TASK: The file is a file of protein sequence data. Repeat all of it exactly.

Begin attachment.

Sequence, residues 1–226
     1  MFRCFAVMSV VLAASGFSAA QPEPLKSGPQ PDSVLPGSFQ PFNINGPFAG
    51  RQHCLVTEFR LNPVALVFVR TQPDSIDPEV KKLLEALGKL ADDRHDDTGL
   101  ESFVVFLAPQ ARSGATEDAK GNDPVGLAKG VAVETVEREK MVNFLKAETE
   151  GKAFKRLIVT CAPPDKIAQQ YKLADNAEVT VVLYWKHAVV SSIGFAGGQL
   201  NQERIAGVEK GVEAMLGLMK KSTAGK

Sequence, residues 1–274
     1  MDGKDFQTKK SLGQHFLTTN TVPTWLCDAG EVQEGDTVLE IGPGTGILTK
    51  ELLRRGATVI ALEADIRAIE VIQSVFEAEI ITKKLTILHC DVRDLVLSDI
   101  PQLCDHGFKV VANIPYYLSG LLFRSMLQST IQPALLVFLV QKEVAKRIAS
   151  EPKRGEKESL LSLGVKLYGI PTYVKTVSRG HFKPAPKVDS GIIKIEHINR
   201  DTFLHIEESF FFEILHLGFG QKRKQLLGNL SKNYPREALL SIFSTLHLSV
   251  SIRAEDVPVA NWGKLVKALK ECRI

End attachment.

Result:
Sequence, residues 1–226
     1  MFRCFAVMSV VLAASGFSAA QPEPLKSGPQ PDSVLPGSFQ PFNINGPFAG
    51  RQHCLVTEFR LNPVALVFVR TQPDSIDPEV KKLLEALGKL ADDRHDDTGL
   101  ESFVVFLAPQ ARSGATEDAK GNDPVGLAKG VAVETVEREK MVNFLKAETE
   151  GKAFKRLIVT CAPPDKIAQQ YKLADNAEVT VVLYWKHAVV SSIGFAGGQL
   201  NQERIAGVEK GVEAMLGLMK KSTAGK

Sequence, residues 1–274
     1  MDGKDFQTKK SLGQHFLTTN TVPTWLCDAG EVQEGDTVLE IGPGTGILTK
    51  ELLRRGATVI ALEADIRAIE VIQSVFEAEI ITKKLTILHC DVRDLVLSDI
   101  PQLCDHGFKV VANIPYYLSG LLFRSMLQST IQPALLVFLV QKEVAKRIAS
   151  EPKRGEKESL LSLGVKLYGI PTYVKTVSRG HFKPAPKVDS GIIKIEHINR
   201  DTFLHIEESF FFEILHLGFG QKRKQLLGNL SKNYPREALL SIFSTLHLSV
   251  SIRAEDVPVA NWGKLVKALK ECRI